Setting the building apart from the other Martial Arts Halls around the country, the Kaohsiung Hall was built with a mixture of cement and brick. The roof of the building is a very simple one of Japanese origin but is (currently) entirely unlike the other halls throughout Taiwan as it doesn't have the typical four sided "hip-and-gable roof" (懸魚). It is also one of the only Martial Arts Halls that I have seen south of Taichung that doesn't have the words "武" (Bu) or "武德" (Budō) on the "owl's tail" (鴟尾) decorations on the edges of the roof. The reason for this is very simple - The renovation project in 2004 constructed a new roof for the building and took a bit of liberty with the design.

While the building for the most part doesn't particularly look Japanese in design, the entrance is where you are able to really notice the Japanese architectural influence. The entrance is a lot like you'd see at the other buildings with a "karahafu door" (唐破風) that is indicative of Japanese architecture dating back to the Heian Period (平安時代) and is common in Japanese castles, temples, and shrines.

I suppose the major difference with this entrance however is that the pillars that hold up the roof above the entrance are made of cement while the roof itself is made of wood. The columns are also said to have been influenced by the Tuscan Order (托次坎柱式) which is a classical Roman style of architecture that is common around the world.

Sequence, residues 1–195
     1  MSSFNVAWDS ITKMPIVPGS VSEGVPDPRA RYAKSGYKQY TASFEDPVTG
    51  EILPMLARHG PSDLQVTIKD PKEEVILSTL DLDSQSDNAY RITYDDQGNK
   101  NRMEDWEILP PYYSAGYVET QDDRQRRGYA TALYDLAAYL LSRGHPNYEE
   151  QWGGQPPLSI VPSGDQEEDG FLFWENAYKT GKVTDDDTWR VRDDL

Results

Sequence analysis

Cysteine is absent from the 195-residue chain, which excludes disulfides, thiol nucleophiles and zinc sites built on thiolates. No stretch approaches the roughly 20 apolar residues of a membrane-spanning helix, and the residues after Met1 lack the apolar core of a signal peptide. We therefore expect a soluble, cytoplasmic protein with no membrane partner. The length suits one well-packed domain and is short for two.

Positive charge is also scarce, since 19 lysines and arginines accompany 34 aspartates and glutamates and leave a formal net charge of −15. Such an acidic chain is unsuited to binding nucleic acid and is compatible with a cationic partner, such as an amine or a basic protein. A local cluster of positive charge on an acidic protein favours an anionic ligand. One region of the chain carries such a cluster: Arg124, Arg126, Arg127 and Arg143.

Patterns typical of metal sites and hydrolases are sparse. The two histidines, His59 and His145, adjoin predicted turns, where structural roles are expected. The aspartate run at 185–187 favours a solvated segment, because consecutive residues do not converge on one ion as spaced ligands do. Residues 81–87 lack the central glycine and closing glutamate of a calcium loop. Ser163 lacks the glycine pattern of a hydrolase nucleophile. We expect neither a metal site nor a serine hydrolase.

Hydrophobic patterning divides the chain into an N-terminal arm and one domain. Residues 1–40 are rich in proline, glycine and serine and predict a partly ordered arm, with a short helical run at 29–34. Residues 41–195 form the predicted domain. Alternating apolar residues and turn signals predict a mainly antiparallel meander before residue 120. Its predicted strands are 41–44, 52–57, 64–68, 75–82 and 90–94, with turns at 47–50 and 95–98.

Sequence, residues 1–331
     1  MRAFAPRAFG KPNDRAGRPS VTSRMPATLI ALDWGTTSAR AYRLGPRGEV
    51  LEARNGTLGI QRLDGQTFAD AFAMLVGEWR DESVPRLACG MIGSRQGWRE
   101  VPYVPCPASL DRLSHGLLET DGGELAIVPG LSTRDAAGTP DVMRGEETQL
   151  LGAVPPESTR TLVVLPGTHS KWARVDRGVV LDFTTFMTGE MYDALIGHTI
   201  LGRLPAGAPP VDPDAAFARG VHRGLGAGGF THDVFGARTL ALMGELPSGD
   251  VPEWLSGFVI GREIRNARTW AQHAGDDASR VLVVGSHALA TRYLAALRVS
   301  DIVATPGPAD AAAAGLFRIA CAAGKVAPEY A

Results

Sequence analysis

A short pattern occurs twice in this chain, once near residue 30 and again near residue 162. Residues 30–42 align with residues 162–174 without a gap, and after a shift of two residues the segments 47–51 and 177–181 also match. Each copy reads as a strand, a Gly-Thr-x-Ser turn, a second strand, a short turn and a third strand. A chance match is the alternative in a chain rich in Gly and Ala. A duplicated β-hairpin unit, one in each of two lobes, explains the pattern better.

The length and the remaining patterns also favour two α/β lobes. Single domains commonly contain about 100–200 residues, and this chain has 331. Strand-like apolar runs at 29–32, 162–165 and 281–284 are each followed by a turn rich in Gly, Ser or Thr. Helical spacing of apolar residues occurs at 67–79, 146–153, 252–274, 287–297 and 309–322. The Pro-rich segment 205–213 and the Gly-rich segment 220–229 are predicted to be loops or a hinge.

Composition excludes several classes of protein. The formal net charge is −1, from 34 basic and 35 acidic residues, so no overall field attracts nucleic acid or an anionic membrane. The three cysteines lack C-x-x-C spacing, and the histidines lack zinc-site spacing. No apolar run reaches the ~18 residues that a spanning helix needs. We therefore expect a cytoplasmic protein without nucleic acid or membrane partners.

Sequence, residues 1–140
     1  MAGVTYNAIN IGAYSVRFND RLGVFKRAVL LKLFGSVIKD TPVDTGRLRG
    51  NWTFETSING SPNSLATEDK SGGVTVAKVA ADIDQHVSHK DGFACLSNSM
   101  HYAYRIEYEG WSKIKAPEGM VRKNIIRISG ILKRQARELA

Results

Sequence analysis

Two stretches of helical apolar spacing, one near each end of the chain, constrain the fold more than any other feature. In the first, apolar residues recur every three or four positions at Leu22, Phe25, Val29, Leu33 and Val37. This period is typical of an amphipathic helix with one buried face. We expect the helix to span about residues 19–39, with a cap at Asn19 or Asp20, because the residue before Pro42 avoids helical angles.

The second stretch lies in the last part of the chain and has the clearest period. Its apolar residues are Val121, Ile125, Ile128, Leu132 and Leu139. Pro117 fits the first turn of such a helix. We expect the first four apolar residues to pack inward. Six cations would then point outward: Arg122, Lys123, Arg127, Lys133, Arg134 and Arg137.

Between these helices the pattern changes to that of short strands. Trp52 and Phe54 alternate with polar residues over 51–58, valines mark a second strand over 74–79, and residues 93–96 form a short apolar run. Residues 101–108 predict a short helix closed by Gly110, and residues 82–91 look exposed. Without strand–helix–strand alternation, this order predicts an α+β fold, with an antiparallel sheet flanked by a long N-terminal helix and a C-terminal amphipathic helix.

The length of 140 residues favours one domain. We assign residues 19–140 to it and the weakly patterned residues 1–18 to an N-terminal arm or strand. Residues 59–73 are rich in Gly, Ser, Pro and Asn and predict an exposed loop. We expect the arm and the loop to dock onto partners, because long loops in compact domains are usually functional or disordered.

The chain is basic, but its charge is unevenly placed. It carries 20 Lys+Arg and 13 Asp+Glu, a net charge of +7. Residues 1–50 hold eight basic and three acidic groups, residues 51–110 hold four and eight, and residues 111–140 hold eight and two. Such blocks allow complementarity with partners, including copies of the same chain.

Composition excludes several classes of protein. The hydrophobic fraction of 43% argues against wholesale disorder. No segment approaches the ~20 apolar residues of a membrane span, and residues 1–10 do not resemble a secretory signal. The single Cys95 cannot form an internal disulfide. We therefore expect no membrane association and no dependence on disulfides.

Another one of the features that differentiates this Martial Arts Hall from the others is that there are murals on the exterior walls depicting arrows representing the Japanese Martial Art Kyūdō (弓道), one of the three disciplines of martial arts that was practiced at the hall during the colonial era.

Today the Kaohsiung Martial Arts Hall is a multi-purpose building that not only lives up to its original purpose as a Martial Arts Hall but also also a place for the people of Kaohsiung to put on exhibitions and small performances. The hall offers a beautiful space for people to experience a bit of Taiwan's history while also practicing Martial Arts and enjoying some art.

The Martial Arts Hall is a short walk from the Sizihwan MRT station (西子灣捷運站) and is in a historic part of town with a lot to see, do and eat. If you are planning on checking out the historic harbour front area of Kaohsiung, the zoo, the former British consulate (打狗英國領事館) or take the ferry over to Qijin island (旗津) - a stop by the Martial Arts hall is a recommended excursion. You won't need a lot of time to see it but you'll likely enjoy this living piece of Kaohsiung's and Taiwanese history.

Map / Location